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Also known as an epiretinal membrane or wrinkled retina, a macular pucker occurs when a thin layer of scar tissue forms on the surface of…
Diabetic retinopathy is primarily the result of diabetes damaging the normal blood vessels in the retina. It is the most common cause of visual impairment in the United States.
Proliferative diabetic retinopathy occurs when the retina develops abnormal vessels in an attempt to bring more oxygen to the retina. Unfortunately, these blood vessels cause more problems than they help. They are very fragile and break and bleed easily. The blood then interferes with your vision. The blood vessels can also create scar tissue on the surface of the retina, which can proceed to retinal detachments. If either the bleeding or the scar tissue becomes severe, surgery is frequently needed to improve your vision.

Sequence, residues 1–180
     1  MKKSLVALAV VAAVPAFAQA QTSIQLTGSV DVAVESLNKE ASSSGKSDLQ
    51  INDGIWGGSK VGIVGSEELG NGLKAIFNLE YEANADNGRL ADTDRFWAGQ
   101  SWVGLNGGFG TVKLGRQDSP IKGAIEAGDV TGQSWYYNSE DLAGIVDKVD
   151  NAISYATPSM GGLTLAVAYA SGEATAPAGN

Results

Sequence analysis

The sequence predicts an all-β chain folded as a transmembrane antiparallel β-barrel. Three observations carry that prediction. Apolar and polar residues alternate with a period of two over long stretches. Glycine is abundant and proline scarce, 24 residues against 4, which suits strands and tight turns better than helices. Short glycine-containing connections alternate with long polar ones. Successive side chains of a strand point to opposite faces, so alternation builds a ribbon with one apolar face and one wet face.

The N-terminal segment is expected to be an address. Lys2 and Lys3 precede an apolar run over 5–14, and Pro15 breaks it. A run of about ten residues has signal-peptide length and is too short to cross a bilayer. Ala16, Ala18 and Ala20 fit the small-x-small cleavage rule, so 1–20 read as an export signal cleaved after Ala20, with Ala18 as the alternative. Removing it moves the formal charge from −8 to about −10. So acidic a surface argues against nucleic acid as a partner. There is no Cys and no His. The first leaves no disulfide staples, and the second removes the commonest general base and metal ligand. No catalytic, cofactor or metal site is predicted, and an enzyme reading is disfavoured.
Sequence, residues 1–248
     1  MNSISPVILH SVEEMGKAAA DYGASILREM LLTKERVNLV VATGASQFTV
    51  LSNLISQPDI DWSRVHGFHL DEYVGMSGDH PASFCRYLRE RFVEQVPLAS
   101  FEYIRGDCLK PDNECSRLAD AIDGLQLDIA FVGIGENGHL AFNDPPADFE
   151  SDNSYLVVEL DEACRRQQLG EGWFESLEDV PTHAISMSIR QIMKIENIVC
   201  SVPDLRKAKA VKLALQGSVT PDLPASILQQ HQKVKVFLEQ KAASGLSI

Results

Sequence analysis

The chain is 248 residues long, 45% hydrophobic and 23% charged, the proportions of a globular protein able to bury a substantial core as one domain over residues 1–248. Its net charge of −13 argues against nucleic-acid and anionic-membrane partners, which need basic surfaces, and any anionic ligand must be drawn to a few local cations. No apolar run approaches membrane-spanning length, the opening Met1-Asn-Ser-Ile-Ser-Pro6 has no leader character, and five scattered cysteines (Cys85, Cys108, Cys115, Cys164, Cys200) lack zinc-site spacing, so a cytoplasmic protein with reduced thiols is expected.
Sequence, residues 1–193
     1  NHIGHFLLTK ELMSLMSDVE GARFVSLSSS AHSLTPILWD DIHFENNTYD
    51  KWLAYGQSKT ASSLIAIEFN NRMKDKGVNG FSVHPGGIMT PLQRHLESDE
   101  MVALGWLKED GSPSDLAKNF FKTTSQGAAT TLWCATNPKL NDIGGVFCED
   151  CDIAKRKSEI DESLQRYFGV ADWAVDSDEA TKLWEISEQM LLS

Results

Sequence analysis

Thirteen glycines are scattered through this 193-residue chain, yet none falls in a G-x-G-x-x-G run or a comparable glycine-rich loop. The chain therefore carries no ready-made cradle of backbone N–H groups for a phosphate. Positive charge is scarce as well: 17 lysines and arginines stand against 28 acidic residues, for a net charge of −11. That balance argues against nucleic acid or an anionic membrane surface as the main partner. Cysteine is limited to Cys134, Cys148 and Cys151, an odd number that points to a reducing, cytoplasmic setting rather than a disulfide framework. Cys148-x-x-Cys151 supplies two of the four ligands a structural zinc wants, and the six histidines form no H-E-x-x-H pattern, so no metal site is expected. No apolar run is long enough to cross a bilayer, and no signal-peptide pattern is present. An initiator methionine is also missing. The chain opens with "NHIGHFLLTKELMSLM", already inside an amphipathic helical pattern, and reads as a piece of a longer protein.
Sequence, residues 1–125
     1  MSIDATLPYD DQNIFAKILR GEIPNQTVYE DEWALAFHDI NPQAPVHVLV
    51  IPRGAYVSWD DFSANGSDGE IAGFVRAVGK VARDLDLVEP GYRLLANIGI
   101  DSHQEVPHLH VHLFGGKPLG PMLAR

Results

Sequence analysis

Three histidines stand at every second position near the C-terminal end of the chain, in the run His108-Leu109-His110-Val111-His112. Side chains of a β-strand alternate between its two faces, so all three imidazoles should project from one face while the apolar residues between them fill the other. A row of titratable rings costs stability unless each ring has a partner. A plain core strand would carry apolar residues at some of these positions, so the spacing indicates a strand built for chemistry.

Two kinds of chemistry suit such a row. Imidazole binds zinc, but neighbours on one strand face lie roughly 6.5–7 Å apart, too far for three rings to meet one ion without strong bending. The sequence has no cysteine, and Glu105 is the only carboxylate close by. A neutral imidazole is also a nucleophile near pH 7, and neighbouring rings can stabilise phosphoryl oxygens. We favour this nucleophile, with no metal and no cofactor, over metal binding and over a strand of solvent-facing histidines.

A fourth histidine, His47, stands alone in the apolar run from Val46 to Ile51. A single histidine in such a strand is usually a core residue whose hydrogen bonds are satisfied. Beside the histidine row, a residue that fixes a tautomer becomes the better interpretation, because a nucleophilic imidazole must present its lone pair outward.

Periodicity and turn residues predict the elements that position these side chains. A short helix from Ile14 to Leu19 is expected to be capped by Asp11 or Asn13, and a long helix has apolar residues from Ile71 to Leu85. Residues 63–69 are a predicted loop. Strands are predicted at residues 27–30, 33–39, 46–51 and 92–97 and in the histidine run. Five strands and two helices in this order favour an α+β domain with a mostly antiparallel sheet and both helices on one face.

Background diabetic retinopathy occurs when the tiny blood vessels in your eye start leaking fluid. The retina absorbs this extra fluid and it becomes thickened or swollen. When the area of your retina responsible for your central vision becomes swollen, your vision starts to decrease.
There are effective treatments available to treat your diabetic retinopathy, namely laser treatments, injections of medications, and/or both. It has taken many years for the diabetes to create the damage within your eyes and it will take many weeks for the laser to fully work. It is sometimes necessary to repeat the treatments many times before we are able to control the diabetic retinopathy. It is very important that you keep good control over your blood sugar in order to minimize the ocular complications of your diabetes.